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1. Registered User
Join Date
Sep 2004
Posts
8

problem with Java homework...

Ok, the problem here is the assignment asks me to create a program that asks the user to either enter a number and convert it to a roman numeral or convert a roman numeral to an int.

What I've done so far is to set up a basic menu that allows the user to choose which operation they want. So for example lets say they want to convert a roman numeral to a number...

I have the input set up to take a user inputted string, convert it to upper case and then I'm stuck.

I'm confused as to how to take the user entered string and convert it into an integer.

Lets say for example the user entered the roman numerals MCXIV. The program needs to spit out 1114.

The only thing that I can think to do would be if statements but that would be impossible because theres an infinite amount of combinations.

Any help would be greatly appreciated.

2. Registered User
Join Date
Sep 2004
Posts
223
ok, keep in mind that each roman numeral has its own value, like M is 1000 and X is 10 so on, (i think... )

So, what you need to do is to split each letter up individually, then do checks on each one, if it is an M make some variable, + 1000,

ie. if the user enters XI (ie. 11)

split it up into 2 letters X and I, then make a variable called "total" or something, then do checks on the 2 letters:
if(letter.equlas("M")){
total += 10;
}
if(letter.equals("I")){
total += 1;
}

and so on...so you would need to loop through all of the letters checking each one
you get me?

3. Registered User
Join Date
Sep 2004
Posts
8
Thanks man

Although I figured it out on my own about an hour ago just the way you described.

Also, there is an easier way than writing out a bunch of if statements.

The example I found is here

Hopefully all of this will help someone else.

Thanks again

P.S. Just for reference...
String A=("1,000,000");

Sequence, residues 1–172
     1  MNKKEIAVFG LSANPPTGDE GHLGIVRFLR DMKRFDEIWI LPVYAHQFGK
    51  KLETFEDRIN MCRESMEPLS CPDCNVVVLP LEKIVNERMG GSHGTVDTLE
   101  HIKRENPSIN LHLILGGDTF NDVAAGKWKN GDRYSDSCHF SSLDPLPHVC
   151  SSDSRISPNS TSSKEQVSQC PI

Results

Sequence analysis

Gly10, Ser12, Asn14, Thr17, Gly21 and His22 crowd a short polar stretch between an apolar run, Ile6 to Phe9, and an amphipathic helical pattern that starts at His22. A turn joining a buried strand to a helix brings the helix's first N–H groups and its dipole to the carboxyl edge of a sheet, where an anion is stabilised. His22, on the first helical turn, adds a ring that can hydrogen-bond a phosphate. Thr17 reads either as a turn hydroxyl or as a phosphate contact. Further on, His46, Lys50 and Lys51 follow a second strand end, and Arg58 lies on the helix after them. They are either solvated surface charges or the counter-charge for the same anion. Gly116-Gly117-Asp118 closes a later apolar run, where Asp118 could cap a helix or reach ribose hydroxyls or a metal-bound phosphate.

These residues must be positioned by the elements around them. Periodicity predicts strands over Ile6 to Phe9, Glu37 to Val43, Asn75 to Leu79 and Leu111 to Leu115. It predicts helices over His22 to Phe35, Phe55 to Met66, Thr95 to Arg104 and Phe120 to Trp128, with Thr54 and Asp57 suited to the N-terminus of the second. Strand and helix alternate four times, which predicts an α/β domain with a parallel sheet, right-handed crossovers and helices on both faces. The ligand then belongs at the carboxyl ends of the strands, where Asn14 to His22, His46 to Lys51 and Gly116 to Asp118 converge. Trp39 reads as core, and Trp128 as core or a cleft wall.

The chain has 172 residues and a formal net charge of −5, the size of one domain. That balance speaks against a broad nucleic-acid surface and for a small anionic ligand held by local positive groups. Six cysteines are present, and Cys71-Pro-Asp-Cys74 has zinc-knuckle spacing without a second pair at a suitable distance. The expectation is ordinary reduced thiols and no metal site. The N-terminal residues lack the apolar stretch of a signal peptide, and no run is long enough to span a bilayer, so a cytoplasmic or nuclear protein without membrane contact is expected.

String B=("500,000");
String H=("100,000");
String F=("50,000");
String Z=("10,000");
String Y=("5,000");
String M = ("1000");
String CM = ("900");
String D = ("500");
String CD =("400");
String C = ("100");
String XC = ("90");
String L = ("50");
String XL = ("40");
String X = ("10");
String IX = ("9");
String V = ("5");
String IV = ("4");
String I = ("1");

Strings A,B,F,H,Z, and Y are the extended set of roman numerals. Normally you would only see M down through I.

4. Registered User
Join Date
Sep 2004
Posts
223
nice work!

5. Registered User
Join Date
Sep 2004
Posts
8
Since I'm an open source kind of guy I thought it only relevant to post my code. I'm not posting the code for "main" though because if someone should copy this, they should do some work and learn something....

/*CODE*/

public class roman {

int length;
int romtonum;
String roman;
String num;
String romnum;

//Roman to Integer
public void conv1 (String num)
{
int i;
for (i=0;i < num.length();i++)
{
if (num.charAt(i)=='A')
{
romtonum+=1000000;
}
if (num.charAt(i)=='B')
{
romtonum+=500000;
}
if (num.charAt(i)=='H')
{
romtonum+=100000;
}
if (num.charAt(i)=='F')
{
romtonum+=50000;
}
if (num.charAt(i)=='Z')
{
romtonum+=10000;
}
if (num.charAt(i)=='Y')
{
romtonum+=5000;
}
if (num.charAt(i)=='M')
{
romtonum+=1000;
}
if (num.charAt(i)=='D')
{
romtonum+=500;
}
if (num.charAt(i)=='C')
{
romtonum+=100;
}
if (num.charAt(i)=='L')
{
romtonum+=50;
}
if (num.charAt(i)=='X')
{
romtonum+=10;
}
if (num.charAt(i)=='V')
{
romtonum+=5;
}
if (num.charAt(i)=='I')
{
romtonum+=1;
}

}//END FOR LOOP

System.out.println("\nIn roman numerals you entered " +romtonum+ "\n");
}//End Conv1

//Integer to Roman
public void conv2 (int rom)
{
while (rom >= 1000000) {
roman += "A";
rom -= 1000000;
}
while (rom >= 500000) {
roman += "B";
rom -= 500000;
}
while (rom >= 100000) {
roman += "H";
rom -= 100000;
}
while (rom >= 50000) {
roman += "F";
rom -= 50000;
}
while (rom >= 10000) {
roman += "Z";
rom -= 10000;
}
while (rom >= 5000) {
roman += "Y";
rom -= 5000;
}
while (rom >= 1000) {
roman += "M";
rom -= 1000;
}
while (rom >= 900) {
roman += "CM";
rom -= 900;
}
while (rom >= 500) {
roman += "D";
rom -= 500;
}
while (rom >= 400) {
roman += "CD";
rom -= 400;
}
while (rom >= 100) {
roman += "C";
rom -= 100;
}
while (rom >= 90) {
roman += "XC";
rom -= 90;
}
while (rom >= 50) {
roman += "L";
rom -= 50;
}